2 TBS finely chopped flat-leaf parsley

2 TBS finely chopped fresh dill

2 TBS chopped scallions, white and light-green parts

Heat 2 teaspoons of the oil in a medium Dutch oven over medium-high heat. Add the garlic and cook, stirring, for about 1 minute, until the garlic is golden but not burned. Transfer the garlic to small plate; use a fork to separate it into bits.

Add the remaining 4 teaspoons of oil; once it’s hot, add the boneless chuck and the onion, stirring to coat. Cook for about 5 minutes; once the beef has lost its raw look, stir in the turmeric, salt and the pepper to taste, then add the water, lentils, red kidney beans, chickpeas and the mung beans, if using. Reduce the heat to medium-low; cover and cook for 1 hour, stirring once or twice.

Add the rice, then cover and cook for 20 minutes. Add the spinach, parsley, dill and 1 tablespoon of the scallions. Cover and cook for 40 minutes; the soup should be quite thick.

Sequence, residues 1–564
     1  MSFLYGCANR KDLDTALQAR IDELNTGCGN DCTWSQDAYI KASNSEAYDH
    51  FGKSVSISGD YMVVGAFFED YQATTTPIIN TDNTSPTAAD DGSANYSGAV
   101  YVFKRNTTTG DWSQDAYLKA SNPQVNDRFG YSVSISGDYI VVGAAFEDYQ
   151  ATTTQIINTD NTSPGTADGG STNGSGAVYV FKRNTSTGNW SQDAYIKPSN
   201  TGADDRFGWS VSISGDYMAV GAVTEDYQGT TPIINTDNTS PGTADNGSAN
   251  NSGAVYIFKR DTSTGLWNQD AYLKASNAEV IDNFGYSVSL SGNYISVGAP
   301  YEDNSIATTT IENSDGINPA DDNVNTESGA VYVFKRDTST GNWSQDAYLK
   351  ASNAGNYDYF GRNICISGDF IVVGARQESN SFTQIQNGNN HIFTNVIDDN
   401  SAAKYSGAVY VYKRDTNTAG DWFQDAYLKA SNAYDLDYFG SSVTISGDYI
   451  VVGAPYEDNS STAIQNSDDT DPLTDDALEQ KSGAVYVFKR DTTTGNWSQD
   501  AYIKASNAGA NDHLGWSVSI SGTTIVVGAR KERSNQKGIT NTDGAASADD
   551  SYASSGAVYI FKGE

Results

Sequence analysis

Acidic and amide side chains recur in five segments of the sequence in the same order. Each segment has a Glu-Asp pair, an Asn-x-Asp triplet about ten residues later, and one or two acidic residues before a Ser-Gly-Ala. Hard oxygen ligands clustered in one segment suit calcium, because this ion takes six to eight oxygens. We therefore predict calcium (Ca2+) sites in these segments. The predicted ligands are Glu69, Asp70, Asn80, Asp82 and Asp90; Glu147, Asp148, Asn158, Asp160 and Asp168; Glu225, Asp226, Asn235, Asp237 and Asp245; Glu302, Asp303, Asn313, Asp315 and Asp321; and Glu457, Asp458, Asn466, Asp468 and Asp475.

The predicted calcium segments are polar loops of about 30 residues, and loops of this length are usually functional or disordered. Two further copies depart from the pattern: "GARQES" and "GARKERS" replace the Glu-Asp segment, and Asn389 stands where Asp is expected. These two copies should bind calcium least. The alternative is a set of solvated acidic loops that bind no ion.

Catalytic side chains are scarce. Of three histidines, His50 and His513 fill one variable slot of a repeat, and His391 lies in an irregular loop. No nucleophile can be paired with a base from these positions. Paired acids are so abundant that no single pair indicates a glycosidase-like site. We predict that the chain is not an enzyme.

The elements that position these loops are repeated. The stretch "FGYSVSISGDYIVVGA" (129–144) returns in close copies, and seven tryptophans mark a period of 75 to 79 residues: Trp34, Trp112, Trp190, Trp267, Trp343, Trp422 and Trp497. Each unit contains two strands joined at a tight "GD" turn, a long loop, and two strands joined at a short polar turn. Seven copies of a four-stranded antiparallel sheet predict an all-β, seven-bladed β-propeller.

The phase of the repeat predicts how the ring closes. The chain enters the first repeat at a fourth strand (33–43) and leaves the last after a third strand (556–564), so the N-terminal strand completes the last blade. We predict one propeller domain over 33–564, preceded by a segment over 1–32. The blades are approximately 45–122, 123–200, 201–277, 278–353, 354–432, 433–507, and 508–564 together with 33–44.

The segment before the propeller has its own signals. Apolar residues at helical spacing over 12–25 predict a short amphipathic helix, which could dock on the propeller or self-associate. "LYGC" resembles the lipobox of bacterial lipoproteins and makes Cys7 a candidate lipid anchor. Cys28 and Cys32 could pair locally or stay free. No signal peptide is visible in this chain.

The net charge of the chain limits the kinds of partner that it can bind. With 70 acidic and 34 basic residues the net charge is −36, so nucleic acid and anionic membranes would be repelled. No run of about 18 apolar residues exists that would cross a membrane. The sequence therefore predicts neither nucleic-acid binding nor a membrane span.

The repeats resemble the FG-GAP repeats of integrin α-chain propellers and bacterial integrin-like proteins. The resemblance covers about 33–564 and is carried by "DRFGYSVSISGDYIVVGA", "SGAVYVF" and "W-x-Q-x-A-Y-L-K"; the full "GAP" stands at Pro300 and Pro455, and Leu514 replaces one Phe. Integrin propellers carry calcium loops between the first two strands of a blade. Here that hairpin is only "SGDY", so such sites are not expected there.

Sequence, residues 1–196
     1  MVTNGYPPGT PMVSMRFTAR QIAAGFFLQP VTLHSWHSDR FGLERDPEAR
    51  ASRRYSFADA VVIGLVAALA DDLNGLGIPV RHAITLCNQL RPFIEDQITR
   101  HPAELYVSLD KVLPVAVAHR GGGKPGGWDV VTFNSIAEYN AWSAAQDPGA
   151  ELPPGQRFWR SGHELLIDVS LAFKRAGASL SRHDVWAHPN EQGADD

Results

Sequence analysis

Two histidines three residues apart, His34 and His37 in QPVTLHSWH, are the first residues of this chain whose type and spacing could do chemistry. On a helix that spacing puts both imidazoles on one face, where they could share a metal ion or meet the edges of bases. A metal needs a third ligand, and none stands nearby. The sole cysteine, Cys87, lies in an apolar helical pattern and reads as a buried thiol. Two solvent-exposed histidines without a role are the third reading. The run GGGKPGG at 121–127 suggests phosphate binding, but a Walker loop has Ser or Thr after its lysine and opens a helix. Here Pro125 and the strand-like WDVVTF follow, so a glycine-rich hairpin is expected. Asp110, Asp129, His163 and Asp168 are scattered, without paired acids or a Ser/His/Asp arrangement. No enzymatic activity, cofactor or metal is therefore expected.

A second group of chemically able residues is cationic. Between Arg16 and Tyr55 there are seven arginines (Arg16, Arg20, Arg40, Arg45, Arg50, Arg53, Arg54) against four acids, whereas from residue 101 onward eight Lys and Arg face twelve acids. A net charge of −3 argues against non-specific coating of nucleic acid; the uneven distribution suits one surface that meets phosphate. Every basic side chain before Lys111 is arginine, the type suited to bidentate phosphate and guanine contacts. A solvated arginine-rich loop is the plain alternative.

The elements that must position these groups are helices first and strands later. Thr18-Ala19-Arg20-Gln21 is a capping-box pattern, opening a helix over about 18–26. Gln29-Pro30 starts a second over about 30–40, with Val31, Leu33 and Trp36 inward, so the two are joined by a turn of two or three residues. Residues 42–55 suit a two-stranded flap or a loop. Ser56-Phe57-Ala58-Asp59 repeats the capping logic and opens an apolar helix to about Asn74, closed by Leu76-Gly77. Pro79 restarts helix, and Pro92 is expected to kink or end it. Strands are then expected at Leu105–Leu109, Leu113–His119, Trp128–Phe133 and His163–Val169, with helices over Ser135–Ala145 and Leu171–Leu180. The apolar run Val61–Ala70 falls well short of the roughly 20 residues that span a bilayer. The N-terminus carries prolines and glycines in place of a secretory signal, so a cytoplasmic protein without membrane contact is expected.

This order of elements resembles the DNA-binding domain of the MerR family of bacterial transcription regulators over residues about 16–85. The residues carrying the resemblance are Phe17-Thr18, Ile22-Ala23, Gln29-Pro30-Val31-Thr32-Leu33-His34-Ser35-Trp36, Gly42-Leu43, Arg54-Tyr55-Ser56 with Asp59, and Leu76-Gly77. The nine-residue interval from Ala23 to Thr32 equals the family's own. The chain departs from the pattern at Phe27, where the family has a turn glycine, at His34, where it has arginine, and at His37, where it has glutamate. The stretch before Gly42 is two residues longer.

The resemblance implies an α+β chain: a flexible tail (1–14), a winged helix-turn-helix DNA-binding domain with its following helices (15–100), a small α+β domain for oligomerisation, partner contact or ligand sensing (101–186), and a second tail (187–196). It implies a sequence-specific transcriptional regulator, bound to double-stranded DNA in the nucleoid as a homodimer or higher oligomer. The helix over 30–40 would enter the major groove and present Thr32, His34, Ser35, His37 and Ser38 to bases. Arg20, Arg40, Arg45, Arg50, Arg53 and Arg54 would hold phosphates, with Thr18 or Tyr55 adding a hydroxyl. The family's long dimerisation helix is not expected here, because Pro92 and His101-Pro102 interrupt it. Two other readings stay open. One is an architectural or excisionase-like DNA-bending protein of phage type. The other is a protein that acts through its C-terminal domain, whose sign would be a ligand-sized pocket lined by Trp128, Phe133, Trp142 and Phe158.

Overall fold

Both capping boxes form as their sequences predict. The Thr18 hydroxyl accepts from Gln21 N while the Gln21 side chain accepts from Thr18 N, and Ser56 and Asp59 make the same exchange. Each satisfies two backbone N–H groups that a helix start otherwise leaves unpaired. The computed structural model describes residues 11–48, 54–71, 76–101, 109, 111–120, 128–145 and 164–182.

Taste to make sure everything is cooked through; if it isn’t, cover and cook as needed.

Divide among individual bowls. Garnish with some of the reserved garlic and the remaining tablespoon of scallions. Serve hot.

— Adapted from “One-Pot Wonders,” by Clifford A. Wright (Wiley and Sons, 2013)

Braised Turkey Legs

Makes 6 to 8 servings.

Make ahead: The braised turkey meat, sauce and vegetables taste even better after a day’s refrigeration; the sauced meat freezes well.

Olive oil

4 lbs skin-on turkey legs and thighs

Kosher salt

Freshly ground black pepper

1 C finely chopped yellow onion

1 C finely chopped celery (from 2 or 3 large ribs)

1 to 2 C water, plus more as needed (may sub no-salt-added turkey or chicken broth, or dry white wine, or a mix)

Potatoes, peeled and quartered (optional)

Turnips or rutabagas, peeled and quartered (optional)

1 tsp cornstarch